Sh!t Theatre’s 2015 Edinburgh show, Women’s Hour was bold, emotional, riotous and, crucially, ridiculously funny. It was very good. Arguably one of the sleeper hits of last year’s Fringe, it put a deservedly bright spotlight on this exciting young company. But could they do it again? The answer is a resounding yes. Letters to Windsor House is an exceptional piece of theatre that doesn’t just match the quality of its predecessor; it surpasses it in both quality and content.
London’s housing crisis is on the agenda this time round, another deeply personal topic for best friends and long-term housemates Rebecca Biscuit and Louise Mothersole. In making the decision to open the mail of previous tenants, they open a can of worms that puts their own tenancy and friendship into question.
Many of the techniques that made Women’s Hour so interesting are brought back here again, and used just as well. Moments of genuine emotion and dramatic impact are quickly juxtaposed with hilarious songs and surreal dance routines. Letters they read out to one another are, at times, brutally heartbreaking – but they’re dressed as red post boxes while they’re doing so. It’s that clash of the real and the absurd that they pull off so well, it’s impossible not to adore them.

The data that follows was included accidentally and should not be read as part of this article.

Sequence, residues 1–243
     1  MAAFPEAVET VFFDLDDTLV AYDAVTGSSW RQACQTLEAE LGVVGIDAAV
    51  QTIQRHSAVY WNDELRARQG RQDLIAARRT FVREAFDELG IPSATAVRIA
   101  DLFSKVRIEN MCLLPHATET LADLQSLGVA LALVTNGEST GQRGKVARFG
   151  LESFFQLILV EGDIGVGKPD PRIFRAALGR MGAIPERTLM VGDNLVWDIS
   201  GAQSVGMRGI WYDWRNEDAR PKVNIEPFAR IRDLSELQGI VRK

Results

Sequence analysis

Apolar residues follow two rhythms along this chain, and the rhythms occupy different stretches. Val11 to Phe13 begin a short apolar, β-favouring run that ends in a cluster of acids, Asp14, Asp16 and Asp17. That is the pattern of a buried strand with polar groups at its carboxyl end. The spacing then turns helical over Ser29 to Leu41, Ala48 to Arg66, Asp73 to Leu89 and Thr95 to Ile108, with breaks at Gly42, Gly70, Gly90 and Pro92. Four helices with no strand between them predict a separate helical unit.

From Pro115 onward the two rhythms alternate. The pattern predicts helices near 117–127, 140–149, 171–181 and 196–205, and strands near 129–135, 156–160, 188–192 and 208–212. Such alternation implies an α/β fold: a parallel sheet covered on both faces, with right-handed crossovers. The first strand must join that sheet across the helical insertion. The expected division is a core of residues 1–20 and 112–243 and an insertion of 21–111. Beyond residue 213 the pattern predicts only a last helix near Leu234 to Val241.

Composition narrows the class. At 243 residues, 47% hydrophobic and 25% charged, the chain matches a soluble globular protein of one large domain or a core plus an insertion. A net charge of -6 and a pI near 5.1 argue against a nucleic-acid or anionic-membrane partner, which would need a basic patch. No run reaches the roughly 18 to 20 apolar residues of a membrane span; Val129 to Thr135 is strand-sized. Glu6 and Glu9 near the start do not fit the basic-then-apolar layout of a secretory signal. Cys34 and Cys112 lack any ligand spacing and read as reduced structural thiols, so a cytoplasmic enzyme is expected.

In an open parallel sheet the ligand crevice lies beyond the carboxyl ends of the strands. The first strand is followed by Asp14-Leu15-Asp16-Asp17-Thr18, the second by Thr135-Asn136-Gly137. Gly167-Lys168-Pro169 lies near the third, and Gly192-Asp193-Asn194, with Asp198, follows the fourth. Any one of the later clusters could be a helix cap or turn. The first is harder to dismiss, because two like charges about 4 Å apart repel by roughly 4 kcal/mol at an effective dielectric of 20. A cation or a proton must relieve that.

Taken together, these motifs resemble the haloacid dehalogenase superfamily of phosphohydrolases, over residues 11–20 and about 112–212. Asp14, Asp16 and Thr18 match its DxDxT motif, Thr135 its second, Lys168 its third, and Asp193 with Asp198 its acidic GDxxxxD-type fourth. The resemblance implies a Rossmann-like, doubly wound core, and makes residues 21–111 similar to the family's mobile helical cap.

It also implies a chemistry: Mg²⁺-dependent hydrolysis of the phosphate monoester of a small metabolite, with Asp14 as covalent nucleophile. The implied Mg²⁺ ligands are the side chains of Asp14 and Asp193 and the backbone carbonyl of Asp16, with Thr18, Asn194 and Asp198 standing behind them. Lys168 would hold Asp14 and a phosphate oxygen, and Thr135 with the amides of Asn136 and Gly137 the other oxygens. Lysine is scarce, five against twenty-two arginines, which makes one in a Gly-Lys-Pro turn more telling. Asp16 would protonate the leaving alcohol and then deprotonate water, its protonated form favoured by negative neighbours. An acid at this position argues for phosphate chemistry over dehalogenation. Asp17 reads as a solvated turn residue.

Everything rests on the chemistry between the two performers and, unsurprisingly, Biscuit and Mothersole are great together. The show is about the absurdity of the housing crisis, yes, but it as much a reminder that those living within it are, in fact, people with real lives and real problems. Whether it’s the former tenants that our intrepid heroes are trying to track down, or their own issues, it gives humanity to a problem that is becoming so far removed from it.
Those who haven’t lived in London for a significant period of time may not fully connect with everything in the show, but there is enough factual evidence (and cutting satire) to keep them engaged. For those who have lived there (including this reviewer, who lived ten minutes away from the housing estate in question), an extra layer of melancholy and frustration hangs over this smartly produced show. Their tenancy might be under threat. But with Letters to Windsor House, Sh!t Theatre have proven that they’re here to stay.